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This building is in the Edinburgh Council and the Edinburgh Burgh. It is a category A building and was listed on 22/01/1971.

Group Items: N/A, Group Cat: N/A, Map Ref: NT 1447 6869.


William Adam, 1725. 2-storey and raised basement, double-pile, rectangular-plan with projecting entrance block, classical house, addition of service wing and interior alterations by Alexander Laing in 1787, William Burn, 1830 and Brown and Wardrop, 1851. Later additions 20th century additions for hotel use (not included in the listing). Harled on E front with yellow sandstone ashlar dressings; coursed rubble sandstone with yellow sandstone dressings on W front. Projecting base course; deep cornice; balustrade; urns; string courses; quoins.

E (GARDEN) ELEVATION: Adam 1725, 7-bay symmetrical main block with lower 3-bay block to right and single storey, 11-bay arcaded modern addition to N. 3-bay entrance block recessed at centre; door at centre of principal floor; elaborate segmental-headed doorpiece (now glazed as window); fluted consoles support heraldic cartouche and lions holding armorial escutcheons interrupting string course. Door reached by curved stone perron stair with balustrade of stone and elaborate wrought-iron. Stone bench. Arched area below stair filled by glazed door; advanced heraldic keystone above door; inscribed BCD DEM 1725. Windows regularly disposed at basement and 1st floor level. 2 bays to right and left advanced; windows symmetrically disposed, those at ground level smaller. 3-bay earlier 19th century block, probably by Burn, to right; door at principal floor to outer right reached by forestair with fine wrought-iron railings; 4-panelled door with large 6-pane fanlight; windows regularly disposed to left and at 1st floor; centre window of 1st floor blind. Full-height arches at ground level in 2 bays to left of forestair; windows set within. Single storey, 11-bay arcaded block to right; arches glazed and keystoned; panelled attic parapet above. Modern build further to right; square-plan entrance pend leads to entrance front; smooth render with yellow sandstone dressings; round arch with keystone and niche above; conical roof rises from behind blocking course. Modern apartments and leisure block attached to right in similar style.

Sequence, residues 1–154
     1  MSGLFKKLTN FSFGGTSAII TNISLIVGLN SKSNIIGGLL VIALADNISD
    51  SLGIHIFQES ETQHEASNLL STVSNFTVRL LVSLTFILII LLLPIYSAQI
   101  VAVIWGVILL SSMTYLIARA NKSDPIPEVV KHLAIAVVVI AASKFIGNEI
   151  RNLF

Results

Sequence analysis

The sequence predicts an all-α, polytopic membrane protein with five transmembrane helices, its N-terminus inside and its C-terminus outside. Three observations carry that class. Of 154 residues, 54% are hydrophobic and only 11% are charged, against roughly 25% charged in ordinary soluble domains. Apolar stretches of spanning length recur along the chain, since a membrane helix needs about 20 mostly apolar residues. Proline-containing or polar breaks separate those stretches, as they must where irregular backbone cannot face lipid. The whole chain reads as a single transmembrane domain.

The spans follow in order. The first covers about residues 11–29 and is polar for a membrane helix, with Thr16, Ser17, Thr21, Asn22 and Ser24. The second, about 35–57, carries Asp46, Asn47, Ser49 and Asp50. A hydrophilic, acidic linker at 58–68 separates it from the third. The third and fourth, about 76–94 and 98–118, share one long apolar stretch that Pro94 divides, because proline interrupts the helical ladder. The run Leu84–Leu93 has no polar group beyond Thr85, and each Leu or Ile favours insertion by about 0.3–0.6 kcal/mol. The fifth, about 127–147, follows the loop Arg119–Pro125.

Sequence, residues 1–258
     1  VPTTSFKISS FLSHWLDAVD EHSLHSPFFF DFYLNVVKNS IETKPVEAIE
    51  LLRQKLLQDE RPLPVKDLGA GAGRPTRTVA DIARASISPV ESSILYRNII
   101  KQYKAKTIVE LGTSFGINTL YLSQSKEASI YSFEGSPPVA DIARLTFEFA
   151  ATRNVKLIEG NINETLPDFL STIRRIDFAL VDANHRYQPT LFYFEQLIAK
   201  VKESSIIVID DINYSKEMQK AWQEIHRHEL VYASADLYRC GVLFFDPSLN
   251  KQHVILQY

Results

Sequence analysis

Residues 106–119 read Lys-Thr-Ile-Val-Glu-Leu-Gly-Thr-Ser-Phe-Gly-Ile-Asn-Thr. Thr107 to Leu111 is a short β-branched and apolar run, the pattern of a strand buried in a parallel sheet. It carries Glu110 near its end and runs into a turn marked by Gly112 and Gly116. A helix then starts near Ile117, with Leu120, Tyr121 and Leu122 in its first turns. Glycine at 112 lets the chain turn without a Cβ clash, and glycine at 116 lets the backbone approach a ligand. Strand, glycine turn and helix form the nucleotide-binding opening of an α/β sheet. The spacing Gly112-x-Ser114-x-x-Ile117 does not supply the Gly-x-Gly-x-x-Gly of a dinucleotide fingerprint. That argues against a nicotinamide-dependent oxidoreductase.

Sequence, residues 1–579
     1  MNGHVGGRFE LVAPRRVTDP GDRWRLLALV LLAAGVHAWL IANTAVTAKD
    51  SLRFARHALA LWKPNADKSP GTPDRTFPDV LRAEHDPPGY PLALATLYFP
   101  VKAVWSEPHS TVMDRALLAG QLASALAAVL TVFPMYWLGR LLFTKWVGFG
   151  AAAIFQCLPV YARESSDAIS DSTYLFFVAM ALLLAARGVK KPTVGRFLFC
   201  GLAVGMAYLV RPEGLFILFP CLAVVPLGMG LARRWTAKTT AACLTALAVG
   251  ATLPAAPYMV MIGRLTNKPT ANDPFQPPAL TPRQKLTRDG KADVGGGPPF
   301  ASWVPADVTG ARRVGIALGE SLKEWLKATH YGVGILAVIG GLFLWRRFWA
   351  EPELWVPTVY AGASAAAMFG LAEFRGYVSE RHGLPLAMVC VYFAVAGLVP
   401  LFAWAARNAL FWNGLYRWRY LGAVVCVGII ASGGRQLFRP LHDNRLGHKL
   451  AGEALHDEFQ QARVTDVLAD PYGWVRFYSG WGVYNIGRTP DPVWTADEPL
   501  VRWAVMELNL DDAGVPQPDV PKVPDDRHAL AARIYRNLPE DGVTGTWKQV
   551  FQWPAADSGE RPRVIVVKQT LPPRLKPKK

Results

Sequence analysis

W (ENTRANCE) ELEVATION: 3-bay projecting entrance block, (Burn, 1830) with octagonal corner tower and Tudor porte-cochere at centre ground. 2 bays recessed to right and left; more recent additions to left foreground. Balustraded Tudor-Gothic porte cochere with 4-centred arch openings; trefoil motifs in squinches; armorial plaque in centre of balustrade; tripartite inner door, centre door with side lights. Segmental-headed window (formerly main door) at centre of principal floor; cornice supports elaborate coat of arms, window directly above at 1st floor. Tower to left and right; blind window at left ground; windows regularly disposed. Towers have mouldings and balustrade as garden elevation with facetted conical roofs. Near-symmetrical 2-bay right return with 2 windows at ground, 1 blind; tripartite window at principal and 2 windows at 1st floor. Recessed block of main house to right; 2 windows at ground; that to right blind; blind window at centre of principal and 1st floor; 2-bay block recessed to left; outer windows blind.

S ELEVATION: near-symmetrical 6-bay block with coursed ashlar parapet; taller windows at basement centre bays (12-pane); flanked by smaller windows; those to outer right 24-pane glazing, those to outer left 16-pane. Evidence of blocked opening at basement level. Windows symmetrically disposed at principal and 1st floor; blind window at 2nd floor outer right; parapet with urns above.

N ELEVATION: main block of house obscured by recent and late 19th century service extensions. 12-pane sash and case windows; 18-pane sash and case for outer bays of principal floor of main front; 24-pane sash and case for windows on either side of perron stair at ground level; 8-pane sash and case windows for towers and some principal floor windows. Slate piend and platformed roof; broad corniced ridge stacks; full compliment of cans.